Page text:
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" Man dieth and wasteth away ; yea, man giveth up the ghost, and •where is he ?" — Job 14 : 10. The phrase, "man dietli and wasteth away," can apply only to his mortal part; particularly to his body. For that only can " die and waste away." The phrase, "man giveth up the ghost," may denote the act of yielding up the soul, or the process of dying. The last clause, " where is he ?" respects man as an immortal being; referring, especially, to his immaterial or spiritual part. By way of proof, or illustration, I need spend no time on the declaratory part of the text, that " man dieth and wasteth away ;" that " he giveth up the ghost." o proof beyond observation and the past history of a hundred generations can make it more certain; though no fact is more frequently declared in Divine revelation, while none, certainly, is more important. This great change will pass on all of us, and on all that shall live after us, down to that last generation, who, instead of dying, will be "' changed, in a moment, in the twinkling of an eye." This great
change, however, is not confined to the body. It must necessarily affect the spirit. It ushers it into a new
state of existence. It becomes at once conversant with new beings, new objects, new scenes. When death has laid his hand on man, we know what becomes of the body. It is laid in the grave, there to waste away and be resolved into its original dust. But death does not extinguish the spirit. That is indestructible, imperishable, immortal. But where is it ? What is it ? In reply, I answer, 1. So far as personal identity or moral character is concerned, man is the same after, as before the body's death; the same rational, thinking being. Whatever the place or- mode of his existence, the mental faculties are not destroyed. He has memory to recall the past; reason adapted to all its appropriate operations; conscience to judge, to approve, or condemn ; while his consciousness tells him that he has always been the same individual person, through all the various stages of his existence. Indeed, instead of being impaired, we have every reason to believe that all his mental powers will be vastly expanded and invigorated, when released from the restraints of the body. True, the reverse might be the conclusion of the senses. But we are not left to the, testimony of the senses, or the conclusions of reason. God hmiself has condescended to instruct us on this momentous subject. He has placed the doctrines of the soul's 29
450 SERMO XXIY. immortalit}' and its activity after death on the firmest ground. or is there less full or less clear evidence, that death produces no essential change of moral character.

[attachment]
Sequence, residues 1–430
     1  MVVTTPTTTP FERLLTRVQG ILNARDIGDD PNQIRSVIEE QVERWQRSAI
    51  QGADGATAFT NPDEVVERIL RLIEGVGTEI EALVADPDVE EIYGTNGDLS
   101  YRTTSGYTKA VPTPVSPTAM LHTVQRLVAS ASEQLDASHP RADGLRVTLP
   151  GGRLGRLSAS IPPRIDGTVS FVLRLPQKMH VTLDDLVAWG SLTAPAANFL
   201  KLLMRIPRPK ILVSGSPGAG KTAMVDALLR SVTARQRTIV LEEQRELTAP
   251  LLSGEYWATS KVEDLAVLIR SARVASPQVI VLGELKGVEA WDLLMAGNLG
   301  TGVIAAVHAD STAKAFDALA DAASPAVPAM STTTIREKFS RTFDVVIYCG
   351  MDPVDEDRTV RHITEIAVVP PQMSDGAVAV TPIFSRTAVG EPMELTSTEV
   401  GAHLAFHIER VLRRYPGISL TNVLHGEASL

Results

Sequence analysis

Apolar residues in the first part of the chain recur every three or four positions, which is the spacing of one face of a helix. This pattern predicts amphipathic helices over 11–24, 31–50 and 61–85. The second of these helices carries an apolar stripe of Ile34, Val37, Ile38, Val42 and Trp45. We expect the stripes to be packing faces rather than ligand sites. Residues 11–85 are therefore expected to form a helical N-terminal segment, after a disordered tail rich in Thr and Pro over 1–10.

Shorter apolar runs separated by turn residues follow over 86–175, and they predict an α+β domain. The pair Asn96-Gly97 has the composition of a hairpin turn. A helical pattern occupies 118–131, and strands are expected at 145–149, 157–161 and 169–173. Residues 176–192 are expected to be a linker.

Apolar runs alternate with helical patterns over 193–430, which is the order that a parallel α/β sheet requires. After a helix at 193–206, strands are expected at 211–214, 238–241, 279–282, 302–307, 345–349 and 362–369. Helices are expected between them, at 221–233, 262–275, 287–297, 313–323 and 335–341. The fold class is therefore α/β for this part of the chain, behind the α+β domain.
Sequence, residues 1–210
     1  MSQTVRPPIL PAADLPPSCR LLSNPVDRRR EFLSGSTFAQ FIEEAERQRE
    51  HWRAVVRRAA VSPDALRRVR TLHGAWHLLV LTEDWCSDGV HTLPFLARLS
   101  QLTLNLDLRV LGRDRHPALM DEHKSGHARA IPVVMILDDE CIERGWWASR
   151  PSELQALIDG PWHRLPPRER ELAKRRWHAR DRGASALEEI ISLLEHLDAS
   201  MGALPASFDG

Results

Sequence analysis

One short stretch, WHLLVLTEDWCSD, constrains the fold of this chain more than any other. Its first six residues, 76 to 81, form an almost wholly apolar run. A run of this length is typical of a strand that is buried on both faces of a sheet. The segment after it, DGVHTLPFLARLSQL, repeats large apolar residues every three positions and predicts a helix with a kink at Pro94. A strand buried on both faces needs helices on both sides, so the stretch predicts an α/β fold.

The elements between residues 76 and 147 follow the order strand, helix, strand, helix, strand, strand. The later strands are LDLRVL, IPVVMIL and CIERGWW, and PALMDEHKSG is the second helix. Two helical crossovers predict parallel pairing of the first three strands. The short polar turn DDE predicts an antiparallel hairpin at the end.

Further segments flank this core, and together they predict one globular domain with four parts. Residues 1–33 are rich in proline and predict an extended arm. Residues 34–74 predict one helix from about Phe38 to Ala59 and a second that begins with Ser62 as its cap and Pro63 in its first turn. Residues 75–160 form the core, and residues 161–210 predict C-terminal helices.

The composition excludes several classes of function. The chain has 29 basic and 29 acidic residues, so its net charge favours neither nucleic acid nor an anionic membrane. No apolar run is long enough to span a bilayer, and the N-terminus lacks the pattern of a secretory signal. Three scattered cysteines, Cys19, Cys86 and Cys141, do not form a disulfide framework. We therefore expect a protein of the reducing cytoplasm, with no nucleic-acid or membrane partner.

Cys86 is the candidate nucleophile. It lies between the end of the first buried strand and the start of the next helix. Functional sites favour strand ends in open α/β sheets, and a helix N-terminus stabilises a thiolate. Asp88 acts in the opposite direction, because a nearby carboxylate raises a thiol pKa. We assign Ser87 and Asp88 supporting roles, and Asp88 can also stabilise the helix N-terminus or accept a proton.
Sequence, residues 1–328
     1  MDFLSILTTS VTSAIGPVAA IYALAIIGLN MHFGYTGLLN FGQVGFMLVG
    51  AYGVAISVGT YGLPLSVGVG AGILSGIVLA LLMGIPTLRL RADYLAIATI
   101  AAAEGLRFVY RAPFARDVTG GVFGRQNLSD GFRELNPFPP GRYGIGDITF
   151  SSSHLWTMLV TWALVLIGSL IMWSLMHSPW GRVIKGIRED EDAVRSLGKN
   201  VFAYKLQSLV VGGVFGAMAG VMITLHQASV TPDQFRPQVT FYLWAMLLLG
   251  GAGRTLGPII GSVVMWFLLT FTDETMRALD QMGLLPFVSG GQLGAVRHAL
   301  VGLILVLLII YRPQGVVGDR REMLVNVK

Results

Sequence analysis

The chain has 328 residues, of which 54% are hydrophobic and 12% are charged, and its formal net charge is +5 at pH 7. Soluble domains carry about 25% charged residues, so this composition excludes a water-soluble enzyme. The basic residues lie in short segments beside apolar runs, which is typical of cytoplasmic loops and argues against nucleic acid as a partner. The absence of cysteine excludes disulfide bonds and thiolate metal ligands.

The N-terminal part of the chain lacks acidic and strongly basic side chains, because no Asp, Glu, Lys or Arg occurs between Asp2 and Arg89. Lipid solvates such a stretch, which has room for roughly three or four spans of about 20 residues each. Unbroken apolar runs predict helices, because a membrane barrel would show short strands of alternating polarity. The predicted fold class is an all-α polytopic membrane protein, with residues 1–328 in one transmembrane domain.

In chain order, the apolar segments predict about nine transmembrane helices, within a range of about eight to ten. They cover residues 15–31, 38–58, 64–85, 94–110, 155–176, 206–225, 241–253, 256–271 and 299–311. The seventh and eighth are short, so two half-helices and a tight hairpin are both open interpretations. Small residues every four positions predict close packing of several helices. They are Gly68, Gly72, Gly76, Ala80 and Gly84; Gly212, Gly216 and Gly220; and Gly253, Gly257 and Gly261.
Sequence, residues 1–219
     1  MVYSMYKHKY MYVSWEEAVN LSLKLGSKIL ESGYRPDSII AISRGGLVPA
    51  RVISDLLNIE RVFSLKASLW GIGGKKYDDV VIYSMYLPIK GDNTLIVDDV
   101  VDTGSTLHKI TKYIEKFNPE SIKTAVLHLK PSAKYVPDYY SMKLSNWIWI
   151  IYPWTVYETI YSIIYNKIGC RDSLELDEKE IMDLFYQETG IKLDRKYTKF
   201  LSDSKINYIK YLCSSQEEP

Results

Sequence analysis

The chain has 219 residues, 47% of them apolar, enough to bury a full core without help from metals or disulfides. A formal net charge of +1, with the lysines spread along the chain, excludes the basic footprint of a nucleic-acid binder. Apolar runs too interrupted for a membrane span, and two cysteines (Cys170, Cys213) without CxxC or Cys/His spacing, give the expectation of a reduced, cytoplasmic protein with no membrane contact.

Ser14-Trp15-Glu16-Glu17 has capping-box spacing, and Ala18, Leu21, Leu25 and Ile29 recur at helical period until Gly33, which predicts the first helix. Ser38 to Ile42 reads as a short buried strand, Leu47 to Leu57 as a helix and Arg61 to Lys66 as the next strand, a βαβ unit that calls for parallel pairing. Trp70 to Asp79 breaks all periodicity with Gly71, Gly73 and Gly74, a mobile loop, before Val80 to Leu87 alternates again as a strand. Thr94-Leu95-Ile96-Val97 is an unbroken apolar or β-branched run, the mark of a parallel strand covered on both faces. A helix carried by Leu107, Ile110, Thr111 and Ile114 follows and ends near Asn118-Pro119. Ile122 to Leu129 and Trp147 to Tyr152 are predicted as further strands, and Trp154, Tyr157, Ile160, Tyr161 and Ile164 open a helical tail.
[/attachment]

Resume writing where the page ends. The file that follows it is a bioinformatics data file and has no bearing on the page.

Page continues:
At that hour, the plain declaration of God's word is, "He that is unjust, let him be unjust still; and he that is filthy, let him be filthy still ; and he that is righteous, let him be righteous still ; and he that is holy, let him be holy still." Probation is limited to this life. " Whatsoever thy hand findeth to do, do it with thy might ; for there is no work, nor device, nor knowledge, nor wisdom, in the grave, whither thou goest." "After death, comes the judgment." Indeed, the whole plan of salvation is evidently founded on the fact, that eternal life must be secured in this world, or never secured. All the motives to immediate repentance ; all the solemn admonitions on the uncertainty of this life, and remonstrances against delay, are drawn from that fact ; while there is not a hint in all the Bible, that an offer of salvation was ever made, or ever will be made, to a departed spirit. It is then the same being that wakes up in eternity, who at death leaves this world ; possessing the same powers or mental faculties, though vastly expanded, and sustaining the same moral character. Hence, 2. The soul when it leaves the body passes to an unalterably fixed condition. There is no reason why it should not be so, if the character is wholly formed in this life, as we have seen that it is.
SERMO XXIV. 451 With all the writers on this subject who believe the soul to be immortal, there has been, as clearly there can be, but one possible conjecture in opposition to this statement. And that is, that between the events of the death and the resurrection of the body, the soul lies in a dormant state ; a state in which all its powers are suspended. And what is this but a state of annihilation ? It is utterly inconsistent with